Glad to hear the setup is going well. But are you still going to get the same 'buzz' from doing everything remotely? Half the fun of astronomy for me is getting out there in the night air and spending time hunting and then reflecting (internally, not optically) and the wonders in the eyepiece. Doing it from a computer screen 500 km away just wouldn't do it for me
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Old 28-02-2014, 06:08 PM
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Interest in the costs involved with iTelescope. Will PM you.

Last edited by Logieberra; 28-02-2014 at 07:53 PM.
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Old 28-02-2014, 07:08 PM
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Pete,

The clutch thing is not a clutch. You need to adjust the 1/4-20s using two hex wrenches simultaneously. Best if done by two persons. One pushes up on worm gear assembly to press the worm down into the ring gear. Then you tighten both hex bolts at the same time. I'm sure Brad knows how to do this! After you do that be sure to readjust the cam-stop too.

Peter

PS I've got 2 MX weights sitting around.
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Old 28-02-2014, 07:54 PM
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My earlier, misleading, post deleted. Peter knows it all
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Old 01-03-2014, 02:37 PM
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Photos - 1

I made it back from Coona in 1 piece yesterday. Despite the rain, it seemed an easier trip coming back via Mudgee.

Here are some photos from Wednesday

I'm sure you are all familiar with the Solar System model based on Siding Springs - the first pic is Jupiter on the way in from Coona.

The second image shows the observatory from the drive in - the recovery from the fires is certainly ongoing.

The next few images show Brad and Pete getting on with the installation job.

Photos 6 and 7 illustrates the use of a CO2 "gun" to clean the primary - I don't think the pictures do it justice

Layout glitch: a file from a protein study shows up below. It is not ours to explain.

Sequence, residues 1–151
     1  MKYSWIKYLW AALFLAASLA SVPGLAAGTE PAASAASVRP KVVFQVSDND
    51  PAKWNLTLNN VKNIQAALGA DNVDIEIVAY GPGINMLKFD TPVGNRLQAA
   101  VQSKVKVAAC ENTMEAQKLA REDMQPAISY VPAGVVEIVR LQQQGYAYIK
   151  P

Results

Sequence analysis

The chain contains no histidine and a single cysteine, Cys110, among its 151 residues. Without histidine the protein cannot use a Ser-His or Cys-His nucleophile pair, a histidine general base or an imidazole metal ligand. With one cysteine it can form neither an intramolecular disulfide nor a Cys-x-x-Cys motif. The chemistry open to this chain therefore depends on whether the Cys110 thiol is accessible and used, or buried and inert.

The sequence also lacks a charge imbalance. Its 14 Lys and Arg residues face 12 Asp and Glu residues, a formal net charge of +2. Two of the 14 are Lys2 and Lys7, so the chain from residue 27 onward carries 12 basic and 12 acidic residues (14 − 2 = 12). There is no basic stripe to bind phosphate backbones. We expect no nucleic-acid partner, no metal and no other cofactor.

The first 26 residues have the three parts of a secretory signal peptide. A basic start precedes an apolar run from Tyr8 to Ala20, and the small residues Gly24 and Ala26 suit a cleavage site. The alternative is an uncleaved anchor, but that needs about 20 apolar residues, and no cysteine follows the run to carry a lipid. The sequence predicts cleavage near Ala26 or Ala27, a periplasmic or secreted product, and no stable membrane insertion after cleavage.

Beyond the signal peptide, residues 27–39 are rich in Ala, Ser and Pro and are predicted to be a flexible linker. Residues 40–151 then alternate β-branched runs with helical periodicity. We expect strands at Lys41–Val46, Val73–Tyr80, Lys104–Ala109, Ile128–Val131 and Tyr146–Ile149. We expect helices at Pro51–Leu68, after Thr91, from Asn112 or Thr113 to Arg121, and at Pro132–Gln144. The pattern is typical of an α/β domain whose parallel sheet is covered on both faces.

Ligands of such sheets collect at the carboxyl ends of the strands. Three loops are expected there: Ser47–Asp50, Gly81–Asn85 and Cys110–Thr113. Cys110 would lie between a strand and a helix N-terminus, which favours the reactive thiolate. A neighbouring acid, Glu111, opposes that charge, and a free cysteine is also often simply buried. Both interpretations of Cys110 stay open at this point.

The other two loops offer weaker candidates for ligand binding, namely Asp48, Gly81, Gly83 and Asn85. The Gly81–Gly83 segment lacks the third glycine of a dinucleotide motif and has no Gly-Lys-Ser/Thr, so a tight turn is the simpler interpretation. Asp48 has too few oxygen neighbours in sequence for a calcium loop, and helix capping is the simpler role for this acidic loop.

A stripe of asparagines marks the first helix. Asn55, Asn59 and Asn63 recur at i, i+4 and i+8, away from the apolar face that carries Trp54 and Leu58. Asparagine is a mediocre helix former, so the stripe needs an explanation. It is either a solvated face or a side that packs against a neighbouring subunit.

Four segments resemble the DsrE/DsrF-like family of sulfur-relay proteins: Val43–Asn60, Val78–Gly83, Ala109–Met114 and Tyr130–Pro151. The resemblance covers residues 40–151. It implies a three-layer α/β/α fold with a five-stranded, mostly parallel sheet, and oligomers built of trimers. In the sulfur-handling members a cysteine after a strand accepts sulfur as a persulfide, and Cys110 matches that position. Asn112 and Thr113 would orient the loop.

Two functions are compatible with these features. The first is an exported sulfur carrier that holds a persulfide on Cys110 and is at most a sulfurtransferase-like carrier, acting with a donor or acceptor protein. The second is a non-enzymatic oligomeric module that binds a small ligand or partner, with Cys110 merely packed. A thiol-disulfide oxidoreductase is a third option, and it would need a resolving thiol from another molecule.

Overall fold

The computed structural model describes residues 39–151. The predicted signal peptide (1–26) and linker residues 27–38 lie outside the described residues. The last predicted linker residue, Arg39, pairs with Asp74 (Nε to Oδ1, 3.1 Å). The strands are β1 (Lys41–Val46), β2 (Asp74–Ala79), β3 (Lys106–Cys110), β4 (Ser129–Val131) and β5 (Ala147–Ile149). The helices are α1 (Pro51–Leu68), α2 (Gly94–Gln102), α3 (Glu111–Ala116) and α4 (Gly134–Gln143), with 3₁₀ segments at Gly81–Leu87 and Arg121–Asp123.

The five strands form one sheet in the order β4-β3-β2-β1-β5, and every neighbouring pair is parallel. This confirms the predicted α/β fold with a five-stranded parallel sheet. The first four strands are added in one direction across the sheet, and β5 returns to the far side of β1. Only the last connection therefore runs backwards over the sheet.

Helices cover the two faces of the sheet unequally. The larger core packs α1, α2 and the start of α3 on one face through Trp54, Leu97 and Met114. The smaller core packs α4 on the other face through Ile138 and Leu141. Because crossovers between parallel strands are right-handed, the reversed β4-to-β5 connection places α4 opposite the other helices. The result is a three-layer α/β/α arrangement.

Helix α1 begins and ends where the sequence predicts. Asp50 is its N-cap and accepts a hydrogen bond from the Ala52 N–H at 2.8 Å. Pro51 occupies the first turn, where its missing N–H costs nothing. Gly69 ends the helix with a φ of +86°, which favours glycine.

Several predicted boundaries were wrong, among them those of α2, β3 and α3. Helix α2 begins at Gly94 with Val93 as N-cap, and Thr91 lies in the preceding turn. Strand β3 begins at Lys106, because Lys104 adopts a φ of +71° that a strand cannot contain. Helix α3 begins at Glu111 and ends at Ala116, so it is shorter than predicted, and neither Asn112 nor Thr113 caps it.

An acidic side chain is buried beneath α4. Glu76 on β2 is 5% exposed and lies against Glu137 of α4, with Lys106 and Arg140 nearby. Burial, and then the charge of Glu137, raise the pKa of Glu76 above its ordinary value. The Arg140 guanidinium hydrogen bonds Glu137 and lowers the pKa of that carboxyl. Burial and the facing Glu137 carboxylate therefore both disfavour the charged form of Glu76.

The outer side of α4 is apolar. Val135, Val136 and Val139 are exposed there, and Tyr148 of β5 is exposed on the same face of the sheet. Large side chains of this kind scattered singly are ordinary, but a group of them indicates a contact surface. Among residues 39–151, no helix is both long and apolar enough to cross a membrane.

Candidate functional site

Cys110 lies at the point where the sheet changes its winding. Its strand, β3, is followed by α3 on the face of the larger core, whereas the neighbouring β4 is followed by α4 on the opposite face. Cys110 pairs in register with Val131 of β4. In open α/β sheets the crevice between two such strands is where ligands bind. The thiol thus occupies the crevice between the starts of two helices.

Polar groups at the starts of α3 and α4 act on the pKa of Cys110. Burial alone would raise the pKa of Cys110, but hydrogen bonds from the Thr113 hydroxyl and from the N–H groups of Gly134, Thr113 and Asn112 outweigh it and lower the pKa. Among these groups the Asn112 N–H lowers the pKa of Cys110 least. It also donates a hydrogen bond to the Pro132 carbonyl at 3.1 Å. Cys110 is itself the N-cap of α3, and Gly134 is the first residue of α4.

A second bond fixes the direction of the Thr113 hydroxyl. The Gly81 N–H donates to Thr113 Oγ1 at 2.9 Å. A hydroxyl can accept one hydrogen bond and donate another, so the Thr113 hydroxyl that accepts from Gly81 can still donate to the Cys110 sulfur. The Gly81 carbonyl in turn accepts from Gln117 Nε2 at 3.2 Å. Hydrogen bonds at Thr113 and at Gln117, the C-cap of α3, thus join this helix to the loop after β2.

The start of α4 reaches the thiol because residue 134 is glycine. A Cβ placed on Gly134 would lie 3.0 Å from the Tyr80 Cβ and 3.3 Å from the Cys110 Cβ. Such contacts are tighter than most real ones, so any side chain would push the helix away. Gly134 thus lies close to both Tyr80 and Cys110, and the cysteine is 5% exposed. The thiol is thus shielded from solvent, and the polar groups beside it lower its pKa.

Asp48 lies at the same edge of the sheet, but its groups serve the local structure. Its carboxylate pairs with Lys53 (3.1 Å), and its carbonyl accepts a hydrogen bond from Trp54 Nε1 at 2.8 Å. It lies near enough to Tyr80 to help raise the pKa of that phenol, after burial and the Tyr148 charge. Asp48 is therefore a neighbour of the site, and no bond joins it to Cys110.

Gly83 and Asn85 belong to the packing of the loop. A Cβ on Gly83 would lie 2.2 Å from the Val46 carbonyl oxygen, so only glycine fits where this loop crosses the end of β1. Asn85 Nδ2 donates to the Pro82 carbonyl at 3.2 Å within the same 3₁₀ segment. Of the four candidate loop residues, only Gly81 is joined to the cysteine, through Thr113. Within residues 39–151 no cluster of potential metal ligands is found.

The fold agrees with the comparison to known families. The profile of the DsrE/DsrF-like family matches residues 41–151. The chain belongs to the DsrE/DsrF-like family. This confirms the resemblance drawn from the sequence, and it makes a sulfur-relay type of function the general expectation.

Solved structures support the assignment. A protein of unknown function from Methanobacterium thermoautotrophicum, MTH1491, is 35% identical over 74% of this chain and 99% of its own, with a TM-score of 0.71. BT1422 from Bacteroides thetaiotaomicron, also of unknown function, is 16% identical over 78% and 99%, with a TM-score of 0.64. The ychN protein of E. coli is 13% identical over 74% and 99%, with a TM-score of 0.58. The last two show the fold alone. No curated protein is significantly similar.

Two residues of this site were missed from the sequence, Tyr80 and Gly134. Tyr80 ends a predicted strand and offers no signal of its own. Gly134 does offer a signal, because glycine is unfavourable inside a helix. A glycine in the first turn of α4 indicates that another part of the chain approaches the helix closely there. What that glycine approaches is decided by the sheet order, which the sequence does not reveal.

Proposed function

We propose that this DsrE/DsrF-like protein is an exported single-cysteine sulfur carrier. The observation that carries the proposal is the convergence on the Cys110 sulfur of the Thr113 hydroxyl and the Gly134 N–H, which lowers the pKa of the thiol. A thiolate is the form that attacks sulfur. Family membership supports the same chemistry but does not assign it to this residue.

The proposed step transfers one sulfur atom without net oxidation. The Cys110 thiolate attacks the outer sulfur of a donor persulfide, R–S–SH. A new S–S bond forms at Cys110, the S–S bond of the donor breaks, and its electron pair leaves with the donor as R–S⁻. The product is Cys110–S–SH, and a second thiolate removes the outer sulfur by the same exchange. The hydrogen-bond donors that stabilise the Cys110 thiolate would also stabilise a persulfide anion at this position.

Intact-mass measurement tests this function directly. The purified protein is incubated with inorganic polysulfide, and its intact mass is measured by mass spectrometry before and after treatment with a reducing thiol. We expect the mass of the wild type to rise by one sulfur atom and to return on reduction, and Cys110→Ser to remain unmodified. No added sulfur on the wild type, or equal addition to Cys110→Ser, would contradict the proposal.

The last photo lets you see the iTelescope building in situ - right next to the tennis court with some of the ANU gear - including the Sky Mapper - in the background

More to come

Pete
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Old 01-03-2014, 02:51 PM
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Photos - 2

A few more shots from Wednesday

All powered gear is run from a 12V rail with a fuse box mounted on the side of the OTA - the first shot shows Brad at work on it. Brad made up a cable for the STX so it could be powered from this unit. He was very particular about the pin outs and it was a surprise that the camera didn't work initially - despite there being power running through the cable. The camera worked fine with the SBIG issue cable. We worked out that the rail's fuse had blown as the STX drew more current than we had anticipated. A new fuse and all was well.

The last shot shows a very excited astronomer itching for the cabling to be finished and the clouds to clear.

Pete
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Old 01-03-2014, 03:02 PM
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Photos - 3

Some more shots

The first is self-explanatory. The second illustrates the impact of the January 2013 fires. I'm not sure whether the Las Cumbres sign was the most damaged (hence its replacement) or a recent chafe of name.

The last shows the observatory with the roof partially retracted.

This was an impressive roof. There was new Planewave CDK 0.7 m scope delivered while I was up there. The primary and base weighs around 700kg. It was lifted into the observatory with a crane through the roof. But to set it in position, a block and tackle attached to the roof was used to lift it - the roof was then opened to move it into position. The only element that struggled was the pulley system - even though it was rated to 1 tonne. The roof happily glided along.

Pete
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Old 01-03-2014, 03:05 PM
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Photos - 4

The last set of photos of my gear in its new home.

Note the very neat cabling - its better than I could manage!

Pete